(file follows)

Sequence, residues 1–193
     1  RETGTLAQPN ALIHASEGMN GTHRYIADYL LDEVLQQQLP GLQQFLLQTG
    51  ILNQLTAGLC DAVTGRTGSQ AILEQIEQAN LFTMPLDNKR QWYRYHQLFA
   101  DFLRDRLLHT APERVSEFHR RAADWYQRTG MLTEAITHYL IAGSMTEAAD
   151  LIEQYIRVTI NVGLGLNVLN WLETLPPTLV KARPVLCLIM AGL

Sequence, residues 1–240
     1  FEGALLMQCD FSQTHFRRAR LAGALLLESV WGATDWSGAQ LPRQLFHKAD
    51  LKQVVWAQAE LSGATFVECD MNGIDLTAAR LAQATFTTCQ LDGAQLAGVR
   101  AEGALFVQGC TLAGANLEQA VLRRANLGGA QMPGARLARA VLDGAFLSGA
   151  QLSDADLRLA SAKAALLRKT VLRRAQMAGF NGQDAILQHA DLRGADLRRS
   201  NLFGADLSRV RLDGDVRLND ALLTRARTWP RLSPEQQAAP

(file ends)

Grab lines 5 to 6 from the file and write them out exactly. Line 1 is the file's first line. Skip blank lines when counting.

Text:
   151  LIEQYIRVTI NVGLGLNVLN WLETLPPTLV KARPVLCLIM AGL

Sequence, residues 1–240